I’m delighted to be writing this series as we enter 2018, and hope that its content will give you some inspiration, some guidance and perhaps some solutions in moving forwards. My aim is to dig a little deeper into the psychological elements of the sport. I’d like to start a conversation about some of the things people find uncomfortable, like dealing with emotion, loneliness, self-criticism and comparison. I’d like to talk about how we can cope with the all-consuming nature of this sport, how what’s going on in our heads and in our lives, can massively influence our ability to perform. I’d like to look at how we build a system that supports us to learn from our mistakes and helps us to progress rather than restricts us. We must remember for many, this is not just a sport, but also a business and a lifestyle. We strive to create a solid system for our horses, solving their issues and stresses, but how often do we address our own mental system, question how it supports us to perform or progress?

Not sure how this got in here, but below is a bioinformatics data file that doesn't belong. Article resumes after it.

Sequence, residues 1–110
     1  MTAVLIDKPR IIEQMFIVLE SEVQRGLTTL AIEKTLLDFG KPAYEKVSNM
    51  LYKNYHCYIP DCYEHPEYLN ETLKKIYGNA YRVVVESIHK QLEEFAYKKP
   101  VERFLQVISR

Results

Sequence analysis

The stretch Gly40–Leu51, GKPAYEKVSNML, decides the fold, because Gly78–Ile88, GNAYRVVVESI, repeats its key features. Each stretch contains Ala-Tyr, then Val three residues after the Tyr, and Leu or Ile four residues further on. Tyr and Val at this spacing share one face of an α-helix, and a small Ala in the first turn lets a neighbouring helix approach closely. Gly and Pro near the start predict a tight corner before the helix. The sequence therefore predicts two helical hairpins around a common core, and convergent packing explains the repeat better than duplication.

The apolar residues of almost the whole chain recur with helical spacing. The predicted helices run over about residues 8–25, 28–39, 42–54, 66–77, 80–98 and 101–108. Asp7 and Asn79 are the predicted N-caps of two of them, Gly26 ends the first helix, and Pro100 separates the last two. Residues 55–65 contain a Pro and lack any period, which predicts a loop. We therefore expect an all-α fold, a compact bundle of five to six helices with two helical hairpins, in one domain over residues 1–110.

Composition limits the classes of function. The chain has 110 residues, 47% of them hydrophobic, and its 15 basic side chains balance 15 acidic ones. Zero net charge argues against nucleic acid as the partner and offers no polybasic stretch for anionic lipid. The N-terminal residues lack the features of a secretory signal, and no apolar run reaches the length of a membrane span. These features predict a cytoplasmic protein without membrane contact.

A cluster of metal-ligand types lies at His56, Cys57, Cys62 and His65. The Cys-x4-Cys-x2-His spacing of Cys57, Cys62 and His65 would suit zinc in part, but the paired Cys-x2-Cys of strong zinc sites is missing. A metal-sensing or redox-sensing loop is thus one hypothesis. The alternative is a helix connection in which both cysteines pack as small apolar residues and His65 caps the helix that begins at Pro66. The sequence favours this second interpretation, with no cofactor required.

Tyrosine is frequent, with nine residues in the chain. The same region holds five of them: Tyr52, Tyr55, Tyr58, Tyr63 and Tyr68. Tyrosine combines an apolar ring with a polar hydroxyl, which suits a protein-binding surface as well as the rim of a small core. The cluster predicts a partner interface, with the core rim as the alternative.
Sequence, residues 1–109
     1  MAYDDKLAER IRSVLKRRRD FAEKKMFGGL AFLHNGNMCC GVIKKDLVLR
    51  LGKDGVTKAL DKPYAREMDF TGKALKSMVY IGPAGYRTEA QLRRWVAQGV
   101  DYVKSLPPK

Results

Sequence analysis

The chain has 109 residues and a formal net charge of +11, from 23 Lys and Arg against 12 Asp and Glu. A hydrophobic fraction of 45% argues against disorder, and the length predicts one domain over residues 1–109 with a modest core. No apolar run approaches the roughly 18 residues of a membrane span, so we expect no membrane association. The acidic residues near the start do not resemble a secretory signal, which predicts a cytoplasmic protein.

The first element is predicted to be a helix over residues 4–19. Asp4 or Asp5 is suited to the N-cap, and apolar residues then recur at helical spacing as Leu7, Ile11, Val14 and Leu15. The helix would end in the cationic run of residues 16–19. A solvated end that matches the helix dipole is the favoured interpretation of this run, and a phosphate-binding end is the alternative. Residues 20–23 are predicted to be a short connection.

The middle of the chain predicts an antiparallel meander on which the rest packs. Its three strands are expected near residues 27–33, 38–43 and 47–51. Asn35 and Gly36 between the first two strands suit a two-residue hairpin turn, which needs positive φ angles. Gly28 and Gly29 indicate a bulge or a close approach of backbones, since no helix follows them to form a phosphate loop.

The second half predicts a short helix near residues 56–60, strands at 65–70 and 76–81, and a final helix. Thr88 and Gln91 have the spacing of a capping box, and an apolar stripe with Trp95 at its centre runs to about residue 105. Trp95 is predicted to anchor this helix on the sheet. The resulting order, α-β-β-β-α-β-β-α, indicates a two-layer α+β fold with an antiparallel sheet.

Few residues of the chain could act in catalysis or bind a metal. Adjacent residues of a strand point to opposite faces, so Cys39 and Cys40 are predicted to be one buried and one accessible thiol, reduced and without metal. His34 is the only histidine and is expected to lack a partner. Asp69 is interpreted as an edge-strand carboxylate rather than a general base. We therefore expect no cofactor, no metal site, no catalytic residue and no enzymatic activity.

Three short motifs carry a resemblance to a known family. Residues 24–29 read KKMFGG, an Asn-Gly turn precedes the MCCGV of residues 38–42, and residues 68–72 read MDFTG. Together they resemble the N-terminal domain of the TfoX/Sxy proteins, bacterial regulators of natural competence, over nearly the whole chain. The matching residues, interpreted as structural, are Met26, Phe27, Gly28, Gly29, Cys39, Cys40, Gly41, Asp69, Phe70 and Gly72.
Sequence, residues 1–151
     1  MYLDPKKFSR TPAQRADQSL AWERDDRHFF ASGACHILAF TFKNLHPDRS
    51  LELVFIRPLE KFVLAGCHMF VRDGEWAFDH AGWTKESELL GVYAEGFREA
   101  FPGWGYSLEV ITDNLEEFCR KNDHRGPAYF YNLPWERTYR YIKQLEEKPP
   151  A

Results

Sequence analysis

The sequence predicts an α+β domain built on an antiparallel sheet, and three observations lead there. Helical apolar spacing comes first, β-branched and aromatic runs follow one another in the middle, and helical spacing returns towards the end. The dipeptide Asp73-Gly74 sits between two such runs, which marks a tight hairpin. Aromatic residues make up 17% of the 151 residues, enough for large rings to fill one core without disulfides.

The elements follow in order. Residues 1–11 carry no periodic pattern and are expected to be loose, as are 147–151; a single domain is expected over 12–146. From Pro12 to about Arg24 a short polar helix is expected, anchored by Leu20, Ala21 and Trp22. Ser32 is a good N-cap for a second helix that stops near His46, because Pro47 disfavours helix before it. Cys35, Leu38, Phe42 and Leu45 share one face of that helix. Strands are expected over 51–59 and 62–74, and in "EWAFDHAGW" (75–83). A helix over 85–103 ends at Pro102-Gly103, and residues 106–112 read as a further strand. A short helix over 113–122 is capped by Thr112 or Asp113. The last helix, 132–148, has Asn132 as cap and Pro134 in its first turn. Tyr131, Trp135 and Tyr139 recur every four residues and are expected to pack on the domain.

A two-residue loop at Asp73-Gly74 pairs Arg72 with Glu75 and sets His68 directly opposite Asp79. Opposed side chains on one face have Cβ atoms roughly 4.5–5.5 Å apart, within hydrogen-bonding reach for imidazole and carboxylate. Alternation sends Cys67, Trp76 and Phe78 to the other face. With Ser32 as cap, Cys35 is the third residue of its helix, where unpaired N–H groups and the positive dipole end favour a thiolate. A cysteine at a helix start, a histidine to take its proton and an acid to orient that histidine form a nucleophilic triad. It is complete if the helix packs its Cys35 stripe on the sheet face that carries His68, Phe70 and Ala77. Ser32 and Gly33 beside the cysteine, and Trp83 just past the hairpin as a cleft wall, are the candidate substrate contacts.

I started to travel with my work internationally over the past year, working with riders from European pony teams, to amateurs to five-star athletes and everything in between. If there was ever a signal that we all need someone who will listen, to help us see more clearly, to sharpen our minds, this year has been it. The conversation has started. Our industry is starting to reap the benefits of talking it out loud. I think it’s important to be honest about the issues that riders face, young and old. There are teenage boys who look at me in despair, the pressure to make a junior or young rider team has an entire family dream hinged upon it, a bank loan and the gamble of leaving school a year previous. They are tense and confused and although they appear super cool, you see it in their riding, frustration gripped in the reins.  There are girls who have relocated far from home desperate to make it in the sport, desperate to prove their place. They are trying to be kind yet trying to be fierce, the pendulum of self-belief swings wildly in highs and lows. Many high performing professionals have worked out they are tripping themselves up with distractions and emotions and use mental coaching to ensure they are in the best mental space to compete, or to pick themselves up when they are down. The sport is tough, if you’re really going for it. Each rider is unique and so are their needs.